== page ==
(Apologies for not being able to photograph the manatees; I wasn’t prepared with an underwater camera.  But you can see how happy we were after swimming with them!)

stepsintodevilsden_outside_smNovel Experience #2:  When you’ve been friends with a group of people for a time period now measured in decades, you all get to know each other REALLY well.  The super cool thing about that is that you’re able to perfectly predict the kinds of new experiences that ALL of you will enjoy, which makes it easier and easier to set up the possibility of new awesome memories you can create together.  Our second day of adventure on this trip was one of those, “I know people who want to come here even though they don’t know it exists yet” moments.  Our friend T, host with the most and partner in our cozy accommodations Rainbow River Club, had scouted out a place called “Devil’s Den” and we packed up with swimsuits, snorkel gear, and a picnic to go check it out!

stepsintodevilsden_smAfter signing our lives away on various waivers which required a steady stream of initialing down the side of a front and back sheet of paper, we walked carefully down a set of about 20 stone steps into a hole in the earth.  At the end of those stairs, we were standing on a rock ledge that had another 20 or so wooden steps leading down to a series of underwater platforms in the huge cave below, with sunlight streaming in from a gaping hole in the earth around the corner from where we’d entered the stone staircase.  As the light lit up the water, you could see straight through to the bottom of the cave about 75 feet below the water’s surface.  One person at a time (as instructed), we walked down the steps with our snorkels and flippers in hand.  Once we got the platform suspended in the 72°F water about knee deep, we put on gear and pushed off for a snorkeling adventure while scuba divers explored the depths below.  It was an incredible experience!  You could see all kinds of fishes and as you swam around, the light danced all around.  We had a private swim for about half an hour, exploring every nook and cranny we could get to without dive gear.  I’ve never seen anything remotely like it anywhere, and it just felt like we were in some fantasy adventure movie of some kind.  It was unreal and truly awesome.  Although we’re used to swimming in 60° mountain river water in the summertime, 72° with flecks of sun inside a cave is only tolerable on bare skin for so long!  So, we climbed back up the two very steep sets of stairs and found a sunny table to spread out a picnic and warm ourselves up like turtles on a log.  By the time we’d picnicked and walked around the old SCUBA training facility on the property and dried out in the sun and shared what our personal take on the place was, the sun had shifted significantly and there was more sun on the hole in the earth. “Let’s do it again!” and off we went back into the earth for another swim and exploration of this cave that had a bit more light on it now.  None of us wanted to leave, really, and have determined we would love to go back and spend some more time… and maybe go beyond the surface next time!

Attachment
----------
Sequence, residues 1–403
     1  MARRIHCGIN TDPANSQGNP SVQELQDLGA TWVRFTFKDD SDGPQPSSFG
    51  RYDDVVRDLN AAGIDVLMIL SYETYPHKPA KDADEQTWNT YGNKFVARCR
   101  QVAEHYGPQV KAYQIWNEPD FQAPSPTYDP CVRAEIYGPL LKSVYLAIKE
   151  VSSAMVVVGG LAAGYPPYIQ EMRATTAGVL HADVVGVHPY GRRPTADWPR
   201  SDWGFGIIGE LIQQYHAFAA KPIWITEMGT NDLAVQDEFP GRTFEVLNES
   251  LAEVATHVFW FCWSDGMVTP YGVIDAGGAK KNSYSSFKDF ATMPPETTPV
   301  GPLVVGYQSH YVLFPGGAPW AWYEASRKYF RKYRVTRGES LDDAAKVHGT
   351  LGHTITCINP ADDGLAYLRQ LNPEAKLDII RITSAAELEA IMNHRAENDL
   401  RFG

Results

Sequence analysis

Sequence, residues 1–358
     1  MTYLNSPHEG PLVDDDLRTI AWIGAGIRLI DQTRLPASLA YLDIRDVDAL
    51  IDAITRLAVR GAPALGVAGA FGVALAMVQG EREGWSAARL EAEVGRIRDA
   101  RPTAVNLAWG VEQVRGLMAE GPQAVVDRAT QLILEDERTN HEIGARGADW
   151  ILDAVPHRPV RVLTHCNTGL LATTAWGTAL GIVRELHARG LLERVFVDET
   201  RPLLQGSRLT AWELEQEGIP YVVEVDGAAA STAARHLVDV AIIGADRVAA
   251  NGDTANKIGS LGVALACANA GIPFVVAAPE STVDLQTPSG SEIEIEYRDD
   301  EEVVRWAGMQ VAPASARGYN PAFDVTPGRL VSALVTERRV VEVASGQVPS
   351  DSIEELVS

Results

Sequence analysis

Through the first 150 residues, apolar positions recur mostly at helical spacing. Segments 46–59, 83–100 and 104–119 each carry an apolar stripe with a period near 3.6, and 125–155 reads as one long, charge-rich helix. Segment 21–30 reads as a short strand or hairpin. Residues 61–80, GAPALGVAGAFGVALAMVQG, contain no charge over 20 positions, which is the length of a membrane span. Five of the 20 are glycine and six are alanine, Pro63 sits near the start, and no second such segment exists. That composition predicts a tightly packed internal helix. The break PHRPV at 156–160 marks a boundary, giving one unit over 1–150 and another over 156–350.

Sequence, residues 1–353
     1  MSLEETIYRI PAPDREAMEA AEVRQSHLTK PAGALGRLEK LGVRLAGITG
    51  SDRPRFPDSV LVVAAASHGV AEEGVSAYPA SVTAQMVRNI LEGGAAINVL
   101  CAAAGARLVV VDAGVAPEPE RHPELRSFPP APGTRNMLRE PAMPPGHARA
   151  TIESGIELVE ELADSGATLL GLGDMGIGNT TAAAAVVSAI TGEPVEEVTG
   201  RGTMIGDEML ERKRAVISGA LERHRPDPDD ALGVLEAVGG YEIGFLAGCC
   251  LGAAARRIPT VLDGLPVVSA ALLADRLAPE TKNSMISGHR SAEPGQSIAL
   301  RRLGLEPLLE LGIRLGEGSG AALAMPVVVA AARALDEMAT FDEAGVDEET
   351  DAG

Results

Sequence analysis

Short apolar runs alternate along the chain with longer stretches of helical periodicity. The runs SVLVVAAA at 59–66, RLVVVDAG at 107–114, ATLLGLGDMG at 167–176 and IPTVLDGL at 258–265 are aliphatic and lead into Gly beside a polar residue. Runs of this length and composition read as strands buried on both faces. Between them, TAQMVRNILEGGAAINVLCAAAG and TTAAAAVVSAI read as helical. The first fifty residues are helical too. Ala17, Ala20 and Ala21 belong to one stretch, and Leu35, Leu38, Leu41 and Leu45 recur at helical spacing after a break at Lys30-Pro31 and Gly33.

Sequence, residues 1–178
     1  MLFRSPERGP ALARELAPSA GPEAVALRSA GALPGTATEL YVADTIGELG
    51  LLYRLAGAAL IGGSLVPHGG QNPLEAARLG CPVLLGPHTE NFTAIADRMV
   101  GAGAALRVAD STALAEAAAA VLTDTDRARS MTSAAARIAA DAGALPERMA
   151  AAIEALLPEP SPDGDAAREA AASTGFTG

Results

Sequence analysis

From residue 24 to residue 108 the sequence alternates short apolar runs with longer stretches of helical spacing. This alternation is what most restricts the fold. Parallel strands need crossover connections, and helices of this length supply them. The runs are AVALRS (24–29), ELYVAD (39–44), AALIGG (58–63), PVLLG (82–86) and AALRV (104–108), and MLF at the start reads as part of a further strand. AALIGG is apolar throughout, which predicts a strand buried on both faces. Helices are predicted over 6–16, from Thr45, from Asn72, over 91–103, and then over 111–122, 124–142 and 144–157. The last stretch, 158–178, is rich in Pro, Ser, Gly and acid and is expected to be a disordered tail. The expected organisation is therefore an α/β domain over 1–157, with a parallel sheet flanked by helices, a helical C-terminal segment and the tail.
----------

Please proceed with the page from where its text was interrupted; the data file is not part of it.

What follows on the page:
selfieinsidedevilsdenIt’s SO IMPORTANT to keep experiencing new things and growing our connections to friends and family in exciting and memorable ways that make us all FEEL GOOD.  Embracing change through self-selected growth is one of the keys to long-term happiness, brain health, and a positively oriented thriving life.  If you’re not doing anything new, or changing anything by using more of your strengths, we strongly encourage you to take on a challenge of some kind to do so!  Keeping your brain, your mind, your body and your spirit active and growing is the closest thing to the fountain of youth we’ve discovered!  Be well and be good to you and yours.  Namaste!